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  • “I Knew a Woman”: Or, Learning the Hard Way
  • Nicholas Friedman (bio)

Poetry has gotten me into bed, but only once. We’d been out a few times, and there we sat, idling in front of her second-story apartment, not knowing what to say. The engine of my ‘98 Honda Civic hummed like a stricken child. Cradled in her lap, a doggy bag of overpriced linguine—which, in the restaurant, had seen much agitation by a fork—kept the windows steamy and opaque. I’d rehearsed this critical moment thoroughly, and often. I was prepared to say things like, “Sure, I’ll have some coffee.” But instead of giving the cue, she said, “I work early tomorrow. What time is it?” My hands continued to sweat on the wheel, steering nothing. “I measure time by how a body sways,” I replied, surprised even at myself. Then, a minor miracle: “Okay, you can come up.”

I didn’t mention that Roethke’s poem, “I Knew a Woman,” was the only piece I’d committed to memory, nor would I understand until much later on how ironic—and, alas, prophetic—my invocation was. (Never trust a love poem that begins in the past tense.) The business about a body swaying comes at the very end; the poem begins:

I knew a woman, lovely in her bones, When small birds sighed, she would sigh back at them; Ah, when she moved, she moved more ways than one: The shapes a bright container can contain! Of her choice virtues only gods should speak, Or English poets who grew up on Greek (I’d have them sing in chorus, cheek to cheek). [End Page 107]

Who could have resisted such dewy romantics while in the thrall of two first, and simultaneous, loves? To wit: I’d found not only my beloved, but also a poem whose apotheosis approached my own misguided adorations. It was as though I’d been delivered to a parallel universe in which reality lived up to the promises of poetry—and I could tire of neither.

As proof of this dual exuberance, my copy of X. J. Kennedy’s An Introduction to Poetry (Third Edition) would, if picked up by the back cover, open automatically to page 97, where “I Knew Woman” appeared in a section called “Figures of Speech.” Despite this placement, the poem struck me as eminently sensible in the way its convolutions refused to give love a constant, predictable shape. In those lines, the tenets of Greek tragic form butted up against bawdy puns, which then sobered toward a bold fiat in the final strophe—all in declaration of love for a woman of high literary magnitude. I could relate. What eluded me was the poem’s lack of real movement, rhetorical flourishes notwithstanding. Here was the circular self-talk of a man whose impressive wit and intelligence would always fail to parse the obvious: she left. No remodeling of the poetic clay would change that bald fact.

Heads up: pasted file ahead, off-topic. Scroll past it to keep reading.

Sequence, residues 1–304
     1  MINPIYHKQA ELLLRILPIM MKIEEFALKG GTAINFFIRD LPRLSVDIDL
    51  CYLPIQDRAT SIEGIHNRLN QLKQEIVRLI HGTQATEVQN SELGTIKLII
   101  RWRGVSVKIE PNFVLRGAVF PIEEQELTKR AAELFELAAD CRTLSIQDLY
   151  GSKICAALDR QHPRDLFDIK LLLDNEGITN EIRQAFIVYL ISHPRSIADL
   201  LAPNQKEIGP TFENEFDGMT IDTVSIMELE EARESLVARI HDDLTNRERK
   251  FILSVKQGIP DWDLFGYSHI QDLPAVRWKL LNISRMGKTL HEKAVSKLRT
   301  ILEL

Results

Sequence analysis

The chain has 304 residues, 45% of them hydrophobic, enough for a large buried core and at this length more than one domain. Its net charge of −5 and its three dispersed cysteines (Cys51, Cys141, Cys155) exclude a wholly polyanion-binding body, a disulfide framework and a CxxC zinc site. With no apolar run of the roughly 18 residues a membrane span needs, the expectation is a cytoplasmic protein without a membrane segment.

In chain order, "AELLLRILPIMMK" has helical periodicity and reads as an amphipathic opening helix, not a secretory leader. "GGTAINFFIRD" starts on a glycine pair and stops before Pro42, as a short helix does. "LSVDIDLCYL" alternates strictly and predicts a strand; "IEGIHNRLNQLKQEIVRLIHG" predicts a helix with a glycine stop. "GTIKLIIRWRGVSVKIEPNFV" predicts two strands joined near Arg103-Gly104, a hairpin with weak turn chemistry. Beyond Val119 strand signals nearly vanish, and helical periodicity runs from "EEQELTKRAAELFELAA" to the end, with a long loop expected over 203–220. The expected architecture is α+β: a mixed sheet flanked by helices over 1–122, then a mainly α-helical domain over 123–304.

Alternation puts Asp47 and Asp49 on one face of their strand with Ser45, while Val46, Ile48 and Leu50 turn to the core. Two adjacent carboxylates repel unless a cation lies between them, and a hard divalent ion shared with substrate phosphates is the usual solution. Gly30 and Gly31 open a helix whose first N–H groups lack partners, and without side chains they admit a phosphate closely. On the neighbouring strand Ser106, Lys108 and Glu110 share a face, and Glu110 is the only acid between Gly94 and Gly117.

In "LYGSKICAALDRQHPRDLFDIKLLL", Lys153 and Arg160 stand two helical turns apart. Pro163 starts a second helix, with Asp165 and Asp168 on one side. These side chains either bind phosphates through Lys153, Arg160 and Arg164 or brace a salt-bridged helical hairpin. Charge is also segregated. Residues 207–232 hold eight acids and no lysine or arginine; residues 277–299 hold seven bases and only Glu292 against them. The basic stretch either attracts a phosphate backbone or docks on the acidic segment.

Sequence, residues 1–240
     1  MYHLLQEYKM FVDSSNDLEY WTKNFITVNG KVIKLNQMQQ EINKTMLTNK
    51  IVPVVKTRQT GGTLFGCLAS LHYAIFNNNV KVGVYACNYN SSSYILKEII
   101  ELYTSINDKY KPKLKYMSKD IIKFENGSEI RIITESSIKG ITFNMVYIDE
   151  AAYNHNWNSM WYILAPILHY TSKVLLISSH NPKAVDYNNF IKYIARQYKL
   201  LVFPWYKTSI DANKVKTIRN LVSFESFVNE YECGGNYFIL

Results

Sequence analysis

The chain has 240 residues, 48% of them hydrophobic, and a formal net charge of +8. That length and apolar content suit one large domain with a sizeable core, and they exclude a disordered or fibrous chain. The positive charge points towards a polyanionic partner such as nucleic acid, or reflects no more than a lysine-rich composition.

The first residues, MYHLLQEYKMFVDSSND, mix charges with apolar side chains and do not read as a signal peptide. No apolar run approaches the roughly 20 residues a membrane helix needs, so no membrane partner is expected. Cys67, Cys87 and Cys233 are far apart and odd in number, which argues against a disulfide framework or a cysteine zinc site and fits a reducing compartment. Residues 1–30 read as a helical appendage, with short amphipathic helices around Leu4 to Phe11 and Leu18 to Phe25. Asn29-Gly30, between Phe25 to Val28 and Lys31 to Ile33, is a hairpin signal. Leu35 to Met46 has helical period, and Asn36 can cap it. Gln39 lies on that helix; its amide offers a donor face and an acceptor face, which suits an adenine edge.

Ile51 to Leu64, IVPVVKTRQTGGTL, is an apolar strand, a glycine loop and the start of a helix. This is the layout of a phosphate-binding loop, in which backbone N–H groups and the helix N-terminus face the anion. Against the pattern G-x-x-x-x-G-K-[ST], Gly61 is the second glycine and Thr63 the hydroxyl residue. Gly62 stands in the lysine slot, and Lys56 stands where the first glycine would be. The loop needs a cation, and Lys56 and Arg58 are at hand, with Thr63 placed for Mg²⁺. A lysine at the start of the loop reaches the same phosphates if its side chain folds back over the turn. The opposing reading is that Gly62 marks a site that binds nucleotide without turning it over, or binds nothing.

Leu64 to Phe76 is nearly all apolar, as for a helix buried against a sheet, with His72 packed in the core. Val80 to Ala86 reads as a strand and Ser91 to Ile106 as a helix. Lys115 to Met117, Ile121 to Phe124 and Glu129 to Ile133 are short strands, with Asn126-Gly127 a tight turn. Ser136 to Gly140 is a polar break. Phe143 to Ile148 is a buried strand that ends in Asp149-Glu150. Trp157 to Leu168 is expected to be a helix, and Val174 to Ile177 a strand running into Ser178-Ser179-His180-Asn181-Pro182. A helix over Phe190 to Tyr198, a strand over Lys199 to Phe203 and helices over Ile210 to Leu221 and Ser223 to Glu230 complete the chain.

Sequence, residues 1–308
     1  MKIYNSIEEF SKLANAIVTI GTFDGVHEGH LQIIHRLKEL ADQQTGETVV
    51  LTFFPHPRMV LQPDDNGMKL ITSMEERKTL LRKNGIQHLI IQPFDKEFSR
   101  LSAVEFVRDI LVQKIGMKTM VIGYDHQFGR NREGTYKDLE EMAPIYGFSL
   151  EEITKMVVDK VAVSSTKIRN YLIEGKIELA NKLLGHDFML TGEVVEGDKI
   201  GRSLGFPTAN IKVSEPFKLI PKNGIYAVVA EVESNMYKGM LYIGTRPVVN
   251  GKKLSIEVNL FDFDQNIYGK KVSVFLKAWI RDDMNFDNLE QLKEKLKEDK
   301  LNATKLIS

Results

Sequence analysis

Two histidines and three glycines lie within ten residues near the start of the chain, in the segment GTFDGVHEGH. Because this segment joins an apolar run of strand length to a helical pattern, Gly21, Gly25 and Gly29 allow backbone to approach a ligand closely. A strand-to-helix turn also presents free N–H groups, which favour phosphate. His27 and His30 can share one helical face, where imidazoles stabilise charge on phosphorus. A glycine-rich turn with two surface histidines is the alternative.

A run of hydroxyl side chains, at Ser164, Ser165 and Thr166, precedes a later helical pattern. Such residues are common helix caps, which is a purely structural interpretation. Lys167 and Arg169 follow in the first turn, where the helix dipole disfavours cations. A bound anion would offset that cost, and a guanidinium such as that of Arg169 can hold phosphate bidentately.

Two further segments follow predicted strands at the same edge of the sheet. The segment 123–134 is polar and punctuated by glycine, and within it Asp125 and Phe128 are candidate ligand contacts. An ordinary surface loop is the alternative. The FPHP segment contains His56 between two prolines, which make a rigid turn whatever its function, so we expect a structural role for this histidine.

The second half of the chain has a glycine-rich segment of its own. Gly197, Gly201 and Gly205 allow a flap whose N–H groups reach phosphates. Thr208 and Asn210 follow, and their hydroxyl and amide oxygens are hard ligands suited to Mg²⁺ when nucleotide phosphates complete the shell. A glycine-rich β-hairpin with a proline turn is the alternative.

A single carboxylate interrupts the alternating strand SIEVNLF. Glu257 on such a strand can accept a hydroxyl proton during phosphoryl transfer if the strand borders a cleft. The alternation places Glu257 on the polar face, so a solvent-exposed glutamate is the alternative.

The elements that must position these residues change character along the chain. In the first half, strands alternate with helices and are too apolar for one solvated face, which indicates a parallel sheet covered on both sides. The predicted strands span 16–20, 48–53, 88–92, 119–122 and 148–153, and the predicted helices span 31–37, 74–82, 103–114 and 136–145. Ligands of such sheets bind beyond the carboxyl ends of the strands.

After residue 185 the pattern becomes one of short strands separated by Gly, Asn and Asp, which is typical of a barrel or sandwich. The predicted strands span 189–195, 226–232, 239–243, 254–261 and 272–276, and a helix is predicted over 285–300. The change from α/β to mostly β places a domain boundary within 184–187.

What eluded me was the way in which Roethke’s excessive praise becomes a cipher for loss. Like an English poet trained in the courtly tradition, Roethke’s speaker convincingly defends an untenable concept—not for sport, but out of necessity. In other words, by presenting his irrational love in the language and figures of rational discourse, he constructs a credible literary figure more stable, and more ideal, than any real woman. To speak more eloquently and more quickly than reason is to overtake it, if only for a time. “I Knew a Woman” does exactly that; its circular locutions fuel the ecstasy of a mind speeding toward a conclusion both irrational and true: as long as the poem continues spinning, she hasn’t left. She can’t leave.

What she can do is take on new appearances. The poem’s beauty hasn’t diminished with the years since I first read it, but where I once took pleasure in its lavish praise, I now take pleasure in its presentation [End Page 108] of a mind too readily convinced by its own fabrications: the poetry, rather than the woman herself. Still, “I Knew a Woman” is a deeply humane...


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pp. 107-112
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